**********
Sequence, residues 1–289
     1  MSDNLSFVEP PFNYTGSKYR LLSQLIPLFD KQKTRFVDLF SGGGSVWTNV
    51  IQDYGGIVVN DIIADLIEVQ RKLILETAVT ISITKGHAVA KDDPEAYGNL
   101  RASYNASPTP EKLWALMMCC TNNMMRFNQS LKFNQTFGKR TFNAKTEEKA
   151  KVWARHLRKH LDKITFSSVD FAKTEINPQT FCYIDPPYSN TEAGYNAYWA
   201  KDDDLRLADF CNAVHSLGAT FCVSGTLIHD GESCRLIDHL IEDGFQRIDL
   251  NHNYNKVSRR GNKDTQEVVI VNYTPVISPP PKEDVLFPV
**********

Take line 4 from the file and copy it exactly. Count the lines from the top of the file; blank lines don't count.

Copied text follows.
   101  RASYNASPTP EKLWALMMCC TNNMMRFNQS LKFNQTFGKR TFNAKTEEKA